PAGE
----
A YORK author's debut novel has made it onto the Man Booker 2017 shortlist.

Former Fulford School pupil Fiona Mozley, 29, is on the shortlist with Elmet, described as "a hugely potent story about aspects of hidden England,” that “builds to a terrifying climax” by the judges.

Set in the copses of Yorkshire, it follows a family that the Man Booker judges said “are at the margins of ‘civilised’ English life”.

The children, Daniel and Cathy, do not go to school, their father gets into fights, they stay far away from everyone else in the village, living in a house in the woods that the three of them built together.

They just want to be left in peace, but when trouble arrives on their doorstep in the form of the local landowner hell-bent on revenge, their idyllic life is irrevocably changed.

Elmet is the only British debut on this year’s shortlist.

Since publication, the novel has been called “this year's David among the predictable Goliaths on the Booker list.” (Evening Standard); an “explosion of a book, exquisite and unforgettable” (Economist) with comparisons made to “Hansel and Gretel meets The Godfather” (Sunday Times) and “At its best, it reminds you of Cormac McCarthy's The Road” (Metro).

Judge Lila Azam Zanganeh added: “Here’s a writer creating a very singular tale in a style that already, at 29, is completely distinctive – I was blown away by many of the pages…A very harrowing story that is completely her own – you can hear her voice. She has a very textured and distinctive voice."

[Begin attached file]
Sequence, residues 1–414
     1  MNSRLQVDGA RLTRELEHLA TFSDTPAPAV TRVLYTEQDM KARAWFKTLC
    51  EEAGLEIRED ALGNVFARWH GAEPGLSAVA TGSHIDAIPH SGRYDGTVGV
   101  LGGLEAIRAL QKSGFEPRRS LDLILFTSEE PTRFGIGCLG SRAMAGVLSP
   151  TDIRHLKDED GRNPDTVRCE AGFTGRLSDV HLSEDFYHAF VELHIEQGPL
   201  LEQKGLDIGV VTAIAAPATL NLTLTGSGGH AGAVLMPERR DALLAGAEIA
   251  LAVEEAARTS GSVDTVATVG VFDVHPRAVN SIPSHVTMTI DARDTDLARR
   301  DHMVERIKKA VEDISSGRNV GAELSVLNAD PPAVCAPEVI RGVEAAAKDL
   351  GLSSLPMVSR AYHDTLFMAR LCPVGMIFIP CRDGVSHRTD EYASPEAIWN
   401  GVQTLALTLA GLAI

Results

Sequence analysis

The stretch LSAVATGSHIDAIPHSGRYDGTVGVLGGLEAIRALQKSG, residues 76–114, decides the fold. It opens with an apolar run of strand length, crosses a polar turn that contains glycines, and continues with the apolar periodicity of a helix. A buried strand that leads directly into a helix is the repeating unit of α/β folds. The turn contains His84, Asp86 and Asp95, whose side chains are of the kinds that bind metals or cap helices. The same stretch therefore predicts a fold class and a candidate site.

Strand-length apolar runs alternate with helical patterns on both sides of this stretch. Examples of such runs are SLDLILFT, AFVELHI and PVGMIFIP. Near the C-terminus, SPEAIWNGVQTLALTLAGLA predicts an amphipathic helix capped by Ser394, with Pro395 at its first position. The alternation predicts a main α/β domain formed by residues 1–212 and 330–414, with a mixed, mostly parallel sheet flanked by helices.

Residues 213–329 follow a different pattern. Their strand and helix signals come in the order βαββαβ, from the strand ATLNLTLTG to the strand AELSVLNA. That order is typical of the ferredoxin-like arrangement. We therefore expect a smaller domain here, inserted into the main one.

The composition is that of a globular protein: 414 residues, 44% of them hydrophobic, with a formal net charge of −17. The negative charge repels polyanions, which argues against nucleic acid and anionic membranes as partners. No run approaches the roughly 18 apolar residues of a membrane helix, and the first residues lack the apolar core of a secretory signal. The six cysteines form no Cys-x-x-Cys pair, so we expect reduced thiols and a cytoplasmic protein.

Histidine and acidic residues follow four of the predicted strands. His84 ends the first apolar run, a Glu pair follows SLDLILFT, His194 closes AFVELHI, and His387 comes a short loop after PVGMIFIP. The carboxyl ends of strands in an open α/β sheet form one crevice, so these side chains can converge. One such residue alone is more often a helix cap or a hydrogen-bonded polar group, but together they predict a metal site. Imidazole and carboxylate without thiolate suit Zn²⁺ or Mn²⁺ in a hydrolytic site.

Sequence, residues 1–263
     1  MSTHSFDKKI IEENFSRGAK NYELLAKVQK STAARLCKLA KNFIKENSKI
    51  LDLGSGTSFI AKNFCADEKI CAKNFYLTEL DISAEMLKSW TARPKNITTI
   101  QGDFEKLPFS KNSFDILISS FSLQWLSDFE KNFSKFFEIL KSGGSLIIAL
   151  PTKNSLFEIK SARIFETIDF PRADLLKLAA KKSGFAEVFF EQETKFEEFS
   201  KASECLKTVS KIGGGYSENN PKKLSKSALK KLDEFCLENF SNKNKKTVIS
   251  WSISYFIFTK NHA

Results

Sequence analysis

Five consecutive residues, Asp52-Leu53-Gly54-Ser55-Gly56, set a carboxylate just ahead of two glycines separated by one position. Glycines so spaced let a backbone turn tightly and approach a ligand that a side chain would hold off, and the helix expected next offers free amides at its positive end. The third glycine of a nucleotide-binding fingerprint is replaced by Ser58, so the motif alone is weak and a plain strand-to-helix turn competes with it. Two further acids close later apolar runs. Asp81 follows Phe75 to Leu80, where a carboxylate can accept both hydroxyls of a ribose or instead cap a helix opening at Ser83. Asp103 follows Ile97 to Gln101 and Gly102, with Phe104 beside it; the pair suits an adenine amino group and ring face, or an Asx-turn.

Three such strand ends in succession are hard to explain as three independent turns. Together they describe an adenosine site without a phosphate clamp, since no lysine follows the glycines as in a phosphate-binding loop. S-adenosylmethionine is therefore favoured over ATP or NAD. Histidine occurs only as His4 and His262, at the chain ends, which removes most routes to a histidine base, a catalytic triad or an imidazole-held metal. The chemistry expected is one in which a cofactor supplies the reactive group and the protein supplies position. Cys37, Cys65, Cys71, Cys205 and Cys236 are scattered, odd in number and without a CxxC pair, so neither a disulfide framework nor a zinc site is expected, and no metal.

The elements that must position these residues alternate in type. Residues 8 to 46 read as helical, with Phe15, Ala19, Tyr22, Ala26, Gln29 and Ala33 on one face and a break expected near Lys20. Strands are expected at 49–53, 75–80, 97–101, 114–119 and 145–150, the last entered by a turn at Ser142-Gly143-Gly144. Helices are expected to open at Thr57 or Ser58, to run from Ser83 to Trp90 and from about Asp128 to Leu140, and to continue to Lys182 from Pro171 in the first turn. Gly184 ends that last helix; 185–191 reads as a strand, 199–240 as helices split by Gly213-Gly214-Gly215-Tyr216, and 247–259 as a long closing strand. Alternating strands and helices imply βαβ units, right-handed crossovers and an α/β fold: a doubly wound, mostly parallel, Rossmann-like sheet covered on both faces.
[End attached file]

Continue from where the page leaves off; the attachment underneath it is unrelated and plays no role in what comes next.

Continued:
Mozley, who was born in Hackney but grew up in York, began writing Elmet on a train from York to London.

She had been back home visiting her family for the weekend and was returning very early on a Monday morning to go straight to work.

The landscape of her native Yorkshire – of “Elmet” – whizzed past the window, as it had countless times before, with its farmhouses and fields and little hills and lines of tall trees. It was on that train journey that Fiona wrote the first chapter.

The rest fell into place after that. Living in London, Fiona missed the landscape of home and so moved back to Yorkshire, where she would finish the novel. 

She said: "The influences I turned to when building the narrative were not entirely local, although the dialect is unmistakably rooted in this part of Yorkshire.

"The Western, literary and cinematic, was one of my genres of reference.

"It is a genre concerned with the relations between land and people. It is a genre of frontiers, frontiersmen and the construction of ‘home’; of wilderness and its enclosure.

"In the traditional American Western, of course, these issues are informed by the particular politics of that region and era; of the displacement and murder of indigenous peoples and the plunder of natural resources.

"Elmet takes place on a much smaller scale, and in a very different time and place, inflected by its own concerns.

"However, it was my hope that the novel would interrogate these notions of ownership and present a family encountering a frontier of their own.”

Fiona studied at Cambridge before moving to Buenos Aires for a year.

After briefly working at a literary agency in London, she moved back to York to complete a PhD in Medieval Studies and works part time at The Little Apple Bookshop in High Petergate.

Elmet by Fiona Mozley was published by JM Originals on August 10 2017, a £10.99 trade paperback original.